Best Ski Resorts in Finland

There are way more than a handful of ski resorts in Finland, which isn’t surprising due to the cold weather that the country gets. We’ve put together a quick list of the best ski resorts in Finland, and some stories to go along with this popular Finnish pastime.

Here is our quick summary list of the best ski resorts in Finland.

  1. Levi ski resort
  2. Kuusamo ski resort
  3. Laajis, Laajavuori ski resort
  4. Tahko ski resort
  5. Iso-Syöte ski resort
  6. Vuokatti ski resort
  7. Pyhä ski resort
  8. Ruka ski resort
  9. Saariselkä skit resort
  10. Messilä ski resort
  11. Ylläs ski resort

The unofficial slogan of Finland is “Hanging with stags”. This combines the traditional definition of the weather and the country’s situation in two words. It also hints at the country’s quality of life. One way that the Finns boost their quality of life is by skiing regularly, it is a great overall sport. You can also have some drinks once you’ve finished your daily ski.

For all its Nordic qualities, Finland is far more temperate than most places, and it has plenty of water and hills to keep skiers happy. As far as I can tell, the only continent-size country that isn’t part of the Alps or the southern hemisphere is the Baltic. Finland has plenty of winter mountains that allow you to live a private Alps existence without having to step out of your house in any clothes.

Plus, the country is likely to be several days ahead of the rest of the world. (Whether you can stay up for that long without work also is an open question.) And while you can ski all the seasons, you won’t get much sunshine in March. The country also has its share of extreme cold and snow; it’s Europe’s snowiest country on average, with 41cm of snow per year. Finland is one of the few places in the world where you can visit in November and have snow in the streets. But once again, you will probably have to wear a lot of clothes, unless you fancy ice swimming like the crazy Finns do!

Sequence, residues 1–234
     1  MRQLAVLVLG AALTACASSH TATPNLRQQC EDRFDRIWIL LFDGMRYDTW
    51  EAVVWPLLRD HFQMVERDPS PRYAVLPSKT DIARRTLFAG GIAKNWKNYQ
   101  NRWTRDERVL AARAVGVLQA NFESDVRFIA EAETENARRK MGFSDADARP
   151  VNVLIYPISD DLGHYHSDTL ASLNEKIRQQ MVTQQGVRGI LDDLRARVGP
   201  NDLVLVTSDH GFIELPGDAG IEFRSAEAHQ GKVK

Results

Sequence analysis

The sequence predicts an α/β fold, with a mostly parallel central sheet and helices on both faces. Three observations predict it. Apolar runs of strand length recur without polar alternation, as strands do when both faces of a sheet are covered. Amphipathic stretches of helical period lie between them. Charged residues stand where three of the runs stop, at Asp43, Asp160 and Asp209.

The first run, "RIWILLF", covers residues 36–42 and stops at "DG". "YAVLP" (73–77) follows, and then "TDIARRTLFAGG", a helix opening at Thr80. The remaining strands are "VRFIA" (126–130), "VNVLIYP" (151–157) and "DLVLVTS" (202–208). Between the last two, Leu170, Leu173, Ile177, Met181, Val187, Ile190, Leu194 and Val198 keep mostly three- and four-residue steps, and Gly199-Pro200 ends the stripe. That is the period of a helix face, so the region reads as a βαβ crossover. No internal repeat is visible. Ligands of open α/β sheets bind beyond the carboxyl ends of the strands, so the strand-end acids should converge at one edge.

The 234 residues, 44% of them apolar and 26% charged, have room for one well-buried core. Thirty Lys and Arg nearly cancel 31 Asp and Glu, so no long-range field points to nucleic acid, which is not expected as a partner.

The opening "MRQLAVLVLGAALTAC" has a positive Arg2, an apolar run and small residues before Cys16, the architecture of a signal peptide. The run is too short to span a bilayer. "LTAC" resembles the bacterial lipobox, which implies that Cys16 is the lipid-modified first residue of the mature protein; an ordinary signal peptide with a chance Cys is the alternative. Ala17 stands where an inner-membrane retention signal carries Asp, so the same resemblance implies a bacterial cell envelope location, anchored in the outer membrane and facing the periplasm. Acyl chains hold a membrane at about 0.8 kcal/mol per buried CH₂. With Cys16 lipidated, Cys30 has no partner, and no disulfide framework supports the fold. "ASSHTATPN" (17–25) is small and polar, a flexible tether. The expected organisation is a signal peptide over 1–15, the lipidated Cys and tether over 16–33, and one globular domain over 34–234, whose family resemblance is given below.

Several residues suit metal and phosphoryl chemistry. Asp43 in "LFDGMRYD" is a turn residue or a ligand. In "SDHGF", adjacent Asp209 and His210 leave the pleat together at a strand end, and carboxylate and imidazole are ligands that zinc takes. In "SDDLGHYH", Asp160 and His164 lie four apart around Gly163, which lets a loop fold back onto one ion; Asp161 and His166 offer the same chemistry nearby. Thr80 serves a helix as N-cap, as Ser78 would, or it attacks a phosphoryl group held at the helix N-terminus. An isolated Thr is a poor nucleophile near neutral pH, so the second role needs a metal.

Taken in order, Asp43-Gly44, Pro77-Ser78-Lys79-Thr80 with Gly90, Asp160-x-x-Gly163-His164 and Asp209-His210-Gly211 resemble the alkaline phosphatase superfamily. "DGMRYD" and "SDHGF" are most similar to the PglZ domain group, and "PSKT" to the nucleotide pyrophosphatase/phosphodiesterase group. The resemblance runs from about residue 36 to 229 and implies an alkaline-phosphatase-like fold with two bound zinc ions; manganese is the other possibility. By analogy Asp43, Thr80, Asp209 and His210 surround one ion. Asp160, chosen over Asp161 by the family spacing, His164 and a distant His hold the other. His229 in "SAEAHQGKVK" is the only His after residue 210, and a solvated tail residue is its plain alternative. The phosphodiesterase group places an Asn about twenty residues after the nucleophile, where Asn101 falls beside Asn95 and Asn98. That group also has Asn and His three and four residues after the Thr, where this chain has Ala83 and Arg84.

The answer, of course, is to get to a resort, stay put, and try not to go home. It’s remarkable how resilient this can be. And it’s great news for Finland. Finnish summers are mild, but so are Finnish winters; they just happen to be completely different. There’s room for skiing on the wild, fun-loving Latvian winter, as well as in Finland in winter. And these days, as the country moves to an ecologically sound energy system, Finland is finding even more ways to develop year-round ski resorts. Not surprisingly, sunny but season-less lands with no snow can be a nightmare for skiers. Really bad snow conditions scare people away. But cold and dark are equalizing; people will simply turn to other sports, such as cross-country skiing, which is even easier on the body and requires less physical exertion than skiing.

If it’s absolutely necessary to go to a resort, then Finland is as great a place as any to do it. People there love skiing – or at least, they love going.

According to the country’s tourism promotion agency, there are 55 ski resorts in the country, and the number of skiers in Finland is roughly twice as big as it was in the 1970s. About one in five Finnish residents visits a ski resort at least once a year, and twice as many visit twice a year or more.

One reason that Finland is good at making its tourism economy work is that it has fewer tourist facilities. So on a holiday, I might decide to go for a quick family walk instead of spending hours in a noisy tourist shop. Because you’ll need two days to prepare yourself for skiing, there’s plenty of time to relax and unwind before hitting the slopes.

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